Photography And Half-Thoughts By Mitchell Hegman

...because some of it is pretty and some of it is not.

Monday, August 1, 2016

Huckleberry Taste Test

I am a finicky eater.
Somehow, that is an understatement.
The list of what I do not like to eat is long and varied.  Sometimes, the texture of foods will bother me.  Think the skin of peaches here.  I find both the color and texture of guacamole too much for me.  I cannot abide the taste of mustard or green peppers.  I would just as soon kick a cantaloupe as eat one.
And I am just getting started here.
I am further picky by category and sub-category in the foods that I do like.  For example, I love white nectarines, but will not eat regular red ones.  I have even gone so far as to develop a finicky attitude about huckleberries.  And I love, love, love huckleberries.  I can smell the powerful aroma of huckleberries and taste them just by writing these words.
As a point of fact, there are several species of Vaccinium (huckleberry) growing in Montana.  Peter Stickney, a huckleberry expert from the University of Montana, has identified seven species here.  They all vary in flavor to some degree.
I am not savvy enough to know what species I am picking.  But I know what I like.   For the sake of ease, I will divide the berries I pick by color: red, white, and blue.  American-flaggy-like.  For all I know they may be from the same species.
I like all huckleberries.  Let me assure you that.  But I love that certain big flavor of some huckleberries.  The flavor I am talking about gives you the same feeling that you might get seeing the Grand Canyon for the first time, or landing your first backflip on snow skis. The flavor is that big, that exceptional.  The flavor is easily as complex as that of a fine wine.  A perfect mix of bite and sweet finish.
I taste-test berries from most of the bushes I consider picking—always seeking the big flavor.  Most of the bushes I find display either berries that are bluish in color or a deep red.  By a large margin, the bluish huckleberries tend to better satisfy my sensibilities.  They have a sweeter finish.  During an off year of production, I will pick almost any berry.  But if berries are plentiful, I taste-test almost every bush and pick only those I really like.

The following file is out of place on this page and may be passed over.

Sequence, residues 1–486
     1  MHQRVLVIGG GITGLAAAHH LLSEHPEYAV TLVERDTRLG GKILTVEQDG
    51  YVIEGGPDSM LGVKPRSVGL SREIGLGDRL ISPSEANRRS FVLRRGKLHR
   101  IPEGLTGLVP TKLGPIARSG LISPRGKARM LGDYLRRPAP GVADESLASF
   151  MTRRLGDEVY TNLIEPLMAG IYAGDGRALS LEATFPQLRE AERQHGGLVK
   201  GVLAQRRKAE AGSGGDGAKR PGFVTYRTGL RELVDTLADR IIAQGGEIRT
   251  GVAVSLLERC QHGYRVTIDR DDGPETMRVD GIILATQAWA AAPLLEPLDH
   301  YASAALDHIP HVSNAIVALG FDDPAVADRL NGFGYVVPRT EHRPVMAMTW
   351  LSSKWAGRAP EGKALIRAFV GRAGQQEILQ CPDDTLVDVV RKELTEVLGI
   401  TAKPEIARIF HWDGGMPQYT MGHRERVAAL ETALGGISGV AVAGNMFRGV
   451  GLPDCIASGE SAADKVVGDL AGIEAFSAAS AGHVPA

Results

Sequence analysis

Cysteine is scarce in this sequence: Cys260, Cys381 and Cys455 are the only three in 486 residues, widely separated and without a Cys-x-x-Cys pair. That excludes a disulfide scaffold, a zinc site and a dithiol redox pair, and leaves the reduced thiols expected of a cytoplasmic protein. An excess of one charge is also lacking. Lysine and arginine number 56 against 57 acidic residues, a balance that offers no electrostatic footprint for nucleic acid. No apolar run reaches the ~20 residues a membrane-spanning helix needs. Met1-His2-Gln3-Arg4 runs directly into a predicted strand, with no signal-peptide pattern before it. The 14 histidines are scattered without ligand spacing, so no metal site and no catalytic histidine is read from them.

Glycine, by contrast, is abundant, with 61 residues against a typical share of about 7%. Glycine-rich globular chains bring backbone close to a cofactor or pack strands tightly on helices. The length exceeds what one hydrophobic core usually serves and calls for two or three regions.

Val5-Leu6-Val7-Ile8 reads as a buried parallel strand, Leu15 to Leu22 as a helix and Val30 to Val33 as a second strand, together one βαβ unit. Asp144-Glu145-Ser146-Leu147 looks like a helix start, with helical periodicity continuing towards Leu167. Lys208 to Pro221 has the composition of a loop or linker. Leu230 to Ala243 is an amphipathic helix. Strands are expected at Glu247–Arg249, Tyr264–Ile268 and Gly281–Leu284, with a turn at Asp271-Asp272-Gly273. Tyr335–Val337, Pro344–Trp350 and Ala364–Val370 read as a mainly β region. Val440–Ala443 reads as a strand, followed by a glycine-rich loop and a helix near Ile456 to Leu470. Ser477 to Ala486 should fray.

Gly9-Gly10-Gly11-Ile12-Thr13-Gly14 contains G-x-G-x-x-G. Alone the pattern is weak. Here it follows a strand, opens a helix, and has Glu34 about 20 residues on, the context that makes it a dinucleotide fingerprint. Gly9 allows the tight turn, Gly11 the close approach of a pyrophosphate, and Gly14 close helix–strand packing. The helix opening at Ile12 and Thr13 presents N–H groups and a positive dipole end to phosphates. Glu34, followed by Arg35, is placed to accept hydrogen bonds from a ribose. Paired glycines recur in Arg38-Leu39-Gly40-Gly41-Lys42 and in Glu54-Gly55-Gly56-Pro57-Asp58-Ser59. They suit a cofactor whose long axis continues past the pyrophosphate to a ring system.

And then there is the rare white huckleberry.  These berries are pink to almost white in color.  I have only found them three times in all my years.  I discovered them only in small patches.  The first time I found some, I thought they were some form of grossly immature berry.
I gave them a taste test.
Perfectly sweet at the start, through the middle, then a huckleberry finish!  The best flavor in the world!  I picked all that I found with my berry-stained fingers.  After much research I found only a couple of short articles on the internet that mentioned them.  The Moby Dick of huckleberries.
I have not tasted a white huckleberry in the last eight years.  But I am always seeking them, scouring the rugged mountainsides, swimming through the thick brush.  They are out there.
Part of the allure for huckleberries is that they can difficult to obtain.  To date no one has been able to cultivate them commercially.  They are found only in the wild.  Huckleberries are nearly as finicky as me.  They require a certain mix of sun and shade, of moisture.  In the moist reaches of the Pacific Northwest they thrive in open areas.  They prefer acidic soil—often found in the ashy soils following fires.
Finicky from beginning to end.

--Mitchell Hegman


  1. Wow! I didn't know that there are white huckleberrioes. Thanks for all that info and gusto! You could do a coffee table book on huckleberries. With your photos of course!

  2. Thanks, Ariel. I meant to post a photo on this one, but got tangled in edits.

  3. Maybe you can still post a photo on your FB page. Would be nice to see a white huckleberry, even if only virtually.